Conversely, bikes with lower gain ratios, like the Pello Revo with its 3.2 gain ratio, require less effort to start and are typically better for timid riders and uphill climbs. However, these bikes have a lower top speed. If your young rider is a speed enthusiast and doesn’t mind putting in extra effort, a bike with a higher gain ratio like the Belter 16 is a better choice.

Belter’s Components and Exceptional Craftsmanship

Contributing to its outstanding performance, the Early Rider Belter brings unparalleled quality and craftsmanship (if your a sucker for craftsmanship be sure to check out their Velio baby bike!). More than just a combination of top notch components, the Belter sets a new standard of durability and reliability. In every detail, from bearings to pedals, Early Rider spares no expense in offering the finest components available for kids.

Ridiculously Smooth Belt Drive

A standout feature and the hallmark of the Belter is its belt drive. The Gates carbon-fiber belt drive replaces a traditional chain and runs impeccably smooth and quiet, without any grease.

Drive train of the Belter 16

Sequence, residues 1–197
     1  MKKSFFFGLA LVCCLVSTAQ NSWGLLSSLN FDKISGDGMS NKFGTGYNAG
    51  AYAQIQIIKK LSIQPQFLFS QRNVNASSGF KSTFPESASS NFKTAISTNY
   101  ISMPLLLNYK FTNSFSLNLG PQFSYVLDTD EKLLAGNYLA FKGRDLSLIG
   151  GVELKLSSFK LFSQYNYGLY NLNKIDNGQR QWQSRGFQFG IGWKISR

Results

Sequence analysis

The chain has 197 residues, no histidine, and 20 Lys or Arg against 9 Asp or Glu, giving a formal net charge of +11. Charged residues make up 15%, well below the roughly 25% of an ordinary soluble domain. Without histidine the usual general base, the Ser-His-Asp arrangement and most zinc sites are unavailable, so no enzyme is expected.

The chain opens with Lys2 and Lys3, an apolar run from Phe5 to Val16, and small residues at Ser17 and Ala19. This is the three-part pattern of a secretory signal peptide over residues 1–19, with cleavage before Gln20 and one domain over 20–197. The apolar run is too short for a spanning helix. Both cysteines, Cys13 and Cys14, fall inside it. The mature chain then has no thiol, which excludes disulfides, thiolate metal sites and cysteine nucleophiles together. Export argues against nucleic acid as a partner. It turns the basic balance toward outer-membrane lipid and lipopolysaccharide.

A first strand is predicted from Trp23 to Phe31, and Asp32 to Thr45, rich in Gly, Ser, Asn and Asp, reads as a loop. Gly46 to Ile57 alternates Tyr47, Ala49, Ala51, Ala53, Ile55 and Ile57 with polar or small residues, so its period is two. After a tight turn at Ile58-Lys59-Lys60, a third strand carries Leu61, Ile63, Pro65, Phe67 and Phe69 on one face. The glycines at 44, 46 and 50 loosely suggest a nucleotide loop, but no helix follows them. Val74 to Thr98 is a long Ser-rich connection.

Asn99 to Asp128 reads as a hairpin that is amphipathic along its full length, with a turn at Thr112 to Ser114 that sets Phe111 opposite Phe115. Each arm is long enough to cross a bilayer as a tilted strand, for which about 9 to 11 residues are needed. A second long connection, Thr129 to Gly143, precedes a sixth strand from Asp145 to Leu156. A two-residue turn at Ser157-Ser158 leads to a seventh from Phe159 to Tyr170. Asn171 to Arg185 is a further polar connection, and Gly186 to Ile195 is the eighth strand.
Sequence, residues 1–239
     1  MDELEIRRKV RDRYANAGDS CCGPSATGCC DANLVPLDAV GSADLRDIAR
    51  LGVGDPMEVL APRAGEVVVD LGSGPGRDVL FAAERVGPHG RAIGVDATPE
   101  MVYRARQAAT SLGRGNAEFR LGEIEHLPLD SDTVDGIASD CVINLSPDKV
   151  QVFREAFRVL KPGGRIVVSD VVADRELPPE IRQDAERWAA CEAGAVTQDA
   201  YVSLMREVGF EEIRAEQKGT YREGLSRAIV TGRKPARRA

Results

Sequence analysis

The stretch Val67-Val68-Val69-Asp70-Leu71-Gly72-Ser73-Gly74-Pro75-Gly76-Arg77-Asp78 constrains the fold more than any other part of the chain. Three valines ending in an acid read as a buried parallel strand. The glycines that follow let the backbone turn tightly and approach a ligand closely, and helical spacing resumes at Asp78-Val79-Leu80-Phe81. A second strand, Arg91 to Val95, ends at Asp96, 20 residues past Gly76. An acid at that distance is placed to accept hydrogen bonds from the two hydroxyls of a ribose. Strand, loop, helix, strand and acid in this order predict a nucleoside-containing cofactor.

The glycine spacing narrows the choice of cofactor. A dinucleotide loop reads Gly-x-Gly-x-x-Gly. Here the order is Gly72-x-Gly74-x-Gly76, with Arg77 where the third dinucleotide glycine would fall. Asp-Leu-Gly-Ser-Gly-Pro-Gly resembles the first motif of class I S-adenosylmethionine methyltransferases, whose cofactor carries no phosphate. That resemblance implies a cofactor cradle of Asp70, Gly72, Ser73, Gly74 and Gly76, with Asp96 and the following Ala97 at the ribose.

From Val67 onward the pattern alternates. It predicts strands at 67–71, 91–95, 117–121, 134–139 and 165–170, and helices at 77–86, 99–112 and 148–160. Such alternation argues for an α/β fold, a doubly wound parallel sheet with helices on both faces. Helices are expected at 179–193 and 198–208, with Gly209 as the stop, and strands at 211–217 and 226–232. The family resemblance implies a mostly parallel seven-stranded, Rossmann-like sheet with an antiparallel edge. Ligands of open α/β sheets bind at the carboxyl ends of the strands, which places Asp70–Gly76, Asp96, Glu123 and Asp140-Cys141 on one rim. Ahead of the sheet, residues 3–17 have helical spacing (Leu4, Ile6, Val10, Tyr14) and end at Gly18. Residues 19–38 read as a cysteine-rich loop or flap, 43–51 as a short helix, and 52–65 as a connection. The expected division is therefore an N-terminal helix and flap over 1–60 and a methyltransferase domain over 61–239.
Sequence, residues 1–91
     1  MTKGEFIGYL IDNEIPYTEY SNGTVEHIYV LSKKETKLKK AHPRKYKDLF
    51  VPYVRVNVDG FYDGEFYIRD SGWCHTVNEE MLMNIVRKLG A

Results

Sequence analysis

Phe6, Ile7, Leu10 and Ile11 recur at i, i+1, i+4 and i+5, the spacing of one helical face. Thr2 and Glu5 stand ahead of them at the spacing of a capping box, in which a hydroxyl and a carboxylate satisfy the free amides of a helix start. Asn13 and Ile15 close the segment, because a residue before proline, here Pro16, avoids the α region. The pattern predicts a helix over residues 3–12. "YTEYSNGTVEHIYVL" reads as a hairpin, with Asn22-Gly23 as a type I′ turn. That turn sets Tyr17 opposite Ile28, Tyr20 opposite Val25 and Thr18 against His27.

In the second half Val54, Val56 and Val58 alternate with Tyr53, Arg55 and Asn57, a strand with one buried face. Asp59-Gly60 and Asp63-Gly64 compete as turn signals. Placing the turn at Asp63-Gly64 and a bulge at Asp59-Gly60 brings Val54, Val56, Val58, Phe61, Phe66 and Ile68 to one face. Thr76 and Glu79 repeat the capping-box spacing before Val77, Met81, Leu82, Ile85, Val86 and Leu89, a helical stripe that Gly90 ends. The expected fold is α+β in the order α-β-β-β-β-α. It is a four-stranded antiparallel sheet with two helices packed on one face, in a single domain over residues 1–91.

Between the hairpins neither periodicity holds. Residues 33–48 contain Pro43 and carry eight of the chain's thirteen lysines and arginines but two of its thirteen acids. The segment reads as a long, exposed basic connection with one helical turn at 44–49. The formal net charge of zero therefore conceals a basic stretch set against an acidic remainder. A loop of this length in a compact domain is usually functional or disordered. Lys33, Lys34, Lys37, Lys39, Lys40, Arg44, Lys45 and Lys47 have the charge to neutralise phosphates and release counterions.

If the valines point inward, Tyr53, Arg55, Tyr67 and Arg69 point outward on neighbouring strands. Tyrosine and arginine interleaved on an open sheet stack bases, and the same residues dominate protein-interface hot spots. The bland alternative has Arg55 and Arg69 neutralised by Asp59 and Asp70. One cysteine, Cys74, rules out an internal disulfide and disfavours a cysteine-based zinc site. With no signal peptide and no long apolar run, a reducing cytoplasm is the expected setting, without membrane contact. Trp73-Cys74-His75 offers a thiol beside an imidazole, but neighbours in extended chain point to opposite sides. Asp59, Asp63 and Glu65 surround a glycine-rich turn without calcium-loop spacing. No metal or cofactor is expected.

And when we say quiet, we mean whisper-quiet! One of our young testers was so impressed, he called it his “ninja bike”!

The belt’s rounded teeth also ensure safety by eliminating sharp edges, making it extra safe for curious little fingers.

close up image of the belt on the Belter 16

Best of all, the belt drive requires minimal maintenance over time. For instance, take a look at the comparison between a brand new Belter 16 and a neglected 10-year-old Belter (the one used in our original review!). Despite being returned in a sorry state full of dirt and grime, it still pedals with remarkable smoothness!

Comparison image of an old dirty belter 16 and a new one

While we strongly advise against leaving your Belter (or any bike) outdoors or never properly cleaning it, in our 15 years of testing bikes, we’ve never seen one return in such poor condition yet still perform flawlessly!

In the comparison image above, you can also see how Early Rider has continuously refined the Belter 16 over the years. The chainring and crank arm are now a single unit, and the belt tensioner system (allows the belt tension to be adjusted if needed) has been further enhanced.

Smooth Rolling Tires

The Belter’s smooth ride owes much to its Speedster tires, which feature minimal tread that allows for quick and quiet rolling on pavement.

Vee Speedster tire on the Early Rider Belter 16

However, if you’re seeking a tire that performs well across various terrains, consider the Early Rider Seeker 16, equipped with knobby all-terrain tires that excel on dirt or gravel paths.

Impressive, Show-Stopping Pedals